Honda Motor Co. spent roughly two years checking out the technology belonging to the hottest name in autonomous vehicles: Google’s Waymo. But on Wednesday it surprised the industry and went another route, investing $2.75 billion with General Motors Co.’s self-driving unit.
Honda’s decision was a big victory for GM, and a potentially revealing development for those trying to discern who’s in the pole position in the self-driving car race. GM’s Cruise unit and Waymo have been locked in close competition: The two have been doing ample road testing and have set similar goals for deploying self-driving cars into robotaxi fleets.
Now, both are squaring off in a battle for leadership, having made splashes with two big-name partners. GM won backing from SoftBank Vision Fund a few months before securing Honda’s investment, while Waymo has teamed up with Tata Motors Ltd.’s Jaguar and expanded its alliance with Fiat Chrysler Automobiles NV this year.
“It’s a big vote of confidence in General Motors and Cruise and their technology,” said Mike Ramsey, auto analyst for researcher Gartner Inc. “Every major car company is working on this technology. This really seems to separate GM and Google from the pack.”
Honda wouldn’t talk about what happened to negotiations with Waymo.
The Alphabet Inc. unit said it’s still discussing opportunities to work with the Japanese automaker and others.
Honda will make a $750 million equity investment in GM Cruise LLC, plus spend $2 billion over 12 years on jointly developing and deploying autonomous vehicles, the companies said Wednesday in a joint statement.
Honda will get a 5.7 percent stake in Cruise in an investment valuing Cruise at $14.6 billion. That’s up from $11.5 billion when SoftBank made its initial wager.
Honda’s investment marks a sudden turnabout. In April, Waymo CEO John Krafcik said he was nearing a deal with the Tokyo-based carmaker. He told Bloomberg News that the partnership would focus on the delivery and logistics market, rather than human passengers. The vehicle he described at the time was futuristic, too: smaller than a truck and potentially coming without a steering wheel or brake pedal.
Exactly how that potential deal has unraveled isn’t clear. But Waymo’s lineage may not have helped matters. Even though it’s no longer part of Google, Waymo is still owned by Google parent Alphabet -- and the concern is that it has retained some of Google’s tendency to act as a competitor even to its own partners.
The example most often cited is Google’s Android. Smartphone makers get the operating system free, but are left to make slim profit margins on the hardware while Google rakes in billions of dollars from the software and services that come pre-installed on the phones.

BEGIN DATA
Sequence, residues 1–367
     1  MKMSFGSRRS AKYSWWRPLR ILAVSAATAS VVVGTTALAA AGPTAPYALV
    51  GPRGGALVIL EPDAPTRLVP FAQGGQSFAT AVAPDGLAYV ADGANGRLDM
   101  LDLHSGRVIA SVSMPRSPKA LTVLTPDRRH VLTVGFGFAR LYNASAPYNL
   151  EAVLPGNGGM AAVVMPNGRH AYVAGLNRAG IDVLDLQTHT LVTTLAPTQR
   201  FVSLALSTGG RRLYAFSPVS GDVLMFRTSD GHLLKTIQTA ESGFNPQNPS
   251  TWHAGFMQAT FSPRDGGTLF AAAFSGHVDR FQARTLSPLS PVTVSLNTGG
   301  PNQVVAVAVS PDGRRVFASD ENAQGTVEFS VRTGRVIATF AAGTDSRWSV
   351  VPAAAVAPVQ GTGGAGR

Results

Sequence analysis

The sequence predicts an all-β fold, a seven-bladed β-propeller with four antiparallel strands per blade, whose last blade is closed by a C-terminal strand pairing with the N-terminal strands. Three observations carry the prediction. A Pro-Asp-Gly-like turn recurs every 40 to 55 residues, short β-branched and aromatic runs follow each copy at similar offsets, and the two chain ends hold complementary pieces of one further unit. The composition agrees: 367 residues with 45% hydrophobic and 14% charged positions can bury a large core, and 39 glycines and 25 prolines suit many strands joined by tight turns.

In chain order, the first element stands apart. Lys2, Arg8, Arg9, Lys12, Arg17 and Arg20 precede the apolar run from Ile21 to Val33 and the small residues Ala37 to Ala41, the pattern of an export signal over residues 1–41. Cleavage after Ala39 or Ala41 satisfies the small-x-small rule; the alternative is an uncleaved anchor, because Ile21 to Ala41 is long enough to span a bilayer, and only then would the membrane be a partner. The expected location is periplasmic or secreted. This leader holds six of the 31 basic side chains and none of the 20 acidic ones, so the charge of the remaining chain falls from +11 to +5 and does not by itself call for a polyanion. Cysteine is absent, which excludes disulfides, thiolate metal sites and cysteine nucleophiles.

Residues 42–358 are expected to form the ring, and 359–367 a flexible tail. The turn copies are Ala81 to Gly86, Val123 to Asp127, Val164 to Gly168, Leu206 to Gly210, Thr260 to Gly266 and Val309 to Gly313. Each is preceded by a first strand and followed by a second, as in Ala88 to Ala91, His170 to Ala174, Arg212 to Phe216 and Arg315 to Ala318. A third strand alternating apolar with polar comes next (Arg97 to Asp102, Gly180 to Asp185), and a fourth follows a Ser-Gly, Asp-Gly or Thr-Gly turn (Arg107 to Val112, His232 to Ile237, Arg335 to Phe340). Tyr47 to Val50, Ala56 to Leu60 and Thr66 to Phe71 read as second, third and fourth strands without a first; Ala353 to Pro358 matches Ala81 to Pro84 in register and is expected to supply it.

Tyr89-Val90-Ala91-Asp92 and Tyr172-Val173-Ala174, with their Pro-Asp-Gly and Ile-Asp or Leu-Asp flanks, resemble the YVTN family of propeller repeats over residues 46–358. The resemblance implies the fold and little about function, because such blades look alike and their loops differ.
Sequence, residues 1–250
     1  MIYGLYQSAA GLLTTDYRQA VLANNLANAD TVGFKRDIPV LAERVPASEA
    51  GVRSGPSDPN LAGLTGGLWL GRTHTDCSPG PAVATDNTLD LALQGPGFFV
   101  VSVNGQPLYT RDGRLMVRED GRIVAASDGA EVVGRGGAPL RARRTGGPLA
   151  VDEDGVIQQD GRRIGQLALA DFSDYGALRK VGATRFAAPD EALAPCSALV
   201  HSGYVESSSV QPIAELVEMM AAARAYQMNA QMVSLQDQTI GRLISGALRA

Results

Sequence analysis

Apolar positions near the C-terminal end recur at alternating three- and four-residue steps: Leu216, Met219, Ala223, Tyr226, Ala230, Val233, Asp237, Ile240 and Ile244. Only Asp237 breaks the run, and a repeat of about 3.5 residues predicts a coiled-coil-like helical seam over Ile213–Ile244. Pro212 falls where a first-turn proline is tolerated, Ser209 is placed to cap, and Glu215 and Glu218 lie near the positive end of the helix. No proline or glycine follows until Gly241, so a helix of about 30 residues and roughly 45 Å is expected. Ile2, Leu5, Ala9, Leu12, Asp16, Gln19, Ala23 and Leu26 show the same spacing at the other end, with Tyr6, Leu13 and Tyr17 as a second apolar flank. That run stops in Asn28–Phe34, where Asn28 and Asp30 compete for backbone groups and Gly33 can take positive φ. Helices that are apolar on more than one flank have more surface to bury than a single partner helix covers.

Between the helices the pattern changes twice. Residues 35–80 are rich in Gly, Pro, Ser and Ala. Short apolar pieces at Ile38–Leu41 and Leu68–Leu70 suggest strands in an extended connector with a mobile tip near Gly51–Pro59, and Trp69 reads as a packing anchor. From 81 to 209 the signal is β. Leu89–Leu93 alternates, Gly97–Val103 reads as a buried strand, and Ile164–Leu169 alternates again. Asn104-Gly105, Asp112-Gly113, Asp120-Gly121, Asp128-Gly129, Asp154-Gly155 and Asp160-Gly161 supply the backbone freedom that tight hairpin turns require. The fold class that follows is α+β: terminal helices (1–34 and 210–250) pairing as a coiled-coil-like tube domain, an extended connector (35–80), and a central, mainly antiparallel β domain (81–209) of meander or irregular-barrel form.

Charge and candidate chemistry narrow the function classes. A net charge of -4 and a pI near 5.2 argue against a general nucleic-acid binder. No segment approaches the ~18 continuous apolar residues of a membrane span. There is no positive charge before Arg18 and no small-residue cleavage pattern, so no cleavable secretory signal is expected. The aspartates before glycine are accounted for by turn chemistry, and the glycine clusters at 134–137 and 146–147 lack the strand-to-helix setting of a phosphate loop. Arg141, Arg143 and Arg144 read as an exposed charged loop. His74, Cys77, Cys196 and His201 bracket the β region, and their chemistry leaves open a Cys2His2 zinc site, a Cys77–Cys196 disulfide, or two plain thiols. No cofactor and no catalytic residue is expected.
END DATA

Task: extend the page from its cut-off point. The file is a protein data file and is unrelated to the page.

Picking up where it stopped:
Krafcik, 57, is an auto industry veteran who’s worked hard to calm such concerns, but car manufacturers don’t want to be caught on the wrong side of that type of relationship.
Other tech companies also are less-than-ideal potential partners for Honda. Uber Technologies Inc., for instance, is also developing self-driving vehicles. But the ride-hailing giant put its testing on hold when one of its vehicles killed a pedestrian earlier this year.
'They want everything'
Waymo has been experimenting with prices and finalizing its business model before unleashing its autonomous-vehicle fleet in the Phoenix area this year. The company may still be ahead of companies like Cruise in technology, rendering it a more demanding partner to work with, Gartner’s Ramsey said.
“When it comes down to it, the level of IP that Google has puts them in a situation where they’re difficult to work with because they want everything,” Ramsey said. “You would be in a very junior position to them.”
For GM, its close work with Honda on battery and hydrogen fuel-cell technology as part of a years-long partnership contributed to the two companies comfort with working together on autonomy, President Dan Ammann said Wednesday.
“Honda has an existing relationship with General Motors and they probably just felt more confident that this would work out better for them than working with Google,” Ramsey said.
The new partnership has the potential to boost the global scale of GM’s self-driving car technology and accelerate deployment of autonomous vehicles for Honda.
GM will manufacture the car, which will be an electric vehicle, Ammann said. The companies haven’t decided what kind of vehicle they will jointly build, he said.
Meanwhile, GM is still racing to deploy self-driving cars in a ride-hailing service in the U.S. next year, Ammann added. That car is based on GM’s electric Chevrolet Bolt.